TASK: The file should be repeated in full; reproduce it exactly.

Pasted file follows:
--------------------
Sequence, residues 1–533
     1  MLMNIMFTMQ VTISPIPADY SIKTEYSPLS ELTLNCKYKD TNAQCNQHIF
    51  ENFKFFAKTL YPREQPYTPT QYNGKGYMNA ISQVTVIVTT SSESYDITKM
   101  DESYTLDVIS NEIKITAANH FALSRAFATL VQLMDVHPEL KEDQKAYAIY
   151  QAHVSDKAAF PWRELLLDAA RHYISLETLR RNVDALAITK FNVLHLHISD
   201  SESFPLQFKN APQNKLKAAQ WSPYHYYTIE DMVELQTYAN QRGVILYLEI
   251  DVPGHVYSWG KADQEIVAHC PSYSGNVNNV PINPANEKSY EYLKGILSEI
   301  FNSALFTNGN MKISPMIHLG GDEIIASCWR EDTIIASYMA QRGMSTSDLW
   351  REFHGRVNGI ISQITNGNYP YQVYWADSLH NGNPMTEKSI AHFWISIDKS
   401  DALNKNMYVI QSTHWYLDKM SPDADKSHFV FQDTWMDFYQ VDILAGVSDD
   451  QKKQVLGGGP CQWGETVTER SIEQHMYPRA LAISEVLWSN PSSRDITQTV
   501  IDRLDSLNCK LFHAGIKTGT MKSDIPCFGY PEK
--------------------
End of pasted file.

Sequence, residues 1–533
     1  MLMNIMFTMQ VTISPIPADY SIKTEYSPLS ELTLNCKYKD TNAQCNQHIF
    51  ENFKFFAKTL YPREQPYTPT QYNGKGYMNA ISQVTVIVTT SSESYDITKM
   101  DESYTLDVIS NEIKITAANH FALSRAFATL VQLMDVHPEL KEDQKAYAIY
   151  QAHVSDKAAF PWRELLLDAA RHYISLETLR RNVDALAITK FNVLHLHISD
   201  SESFPLQFKN APQNKLKAAQ WSPYHYYTIE DMVELQTYAN QRGVILYLEI
   251  DVPGHVYSWG KADQEIVAHC PSYSGNVNNV PINPANEKSY EYLKGILSEI
   301  FNSALFTNGN MKISPMIHLG GDEIIASCWR EDTIIASYMA QRGMSTSDLW
   351  REFHGRVNGI ISQITNGNYP YQVYWADSLH NGNPMTEKSI AHFWISIDKS
   401  DALNKNMYVI QSTHWYLDKM SPDADKSHFV FQDTWMDFYQ VDILAGVSDD
   451  QKKQVLGGGP CQWGETVTER SIEQHMYPRA LAISEVLWSN PSSRDITQTV
   501  IDRLDSLNCK LFHAGIKTGT MKSDIPCFGY PEK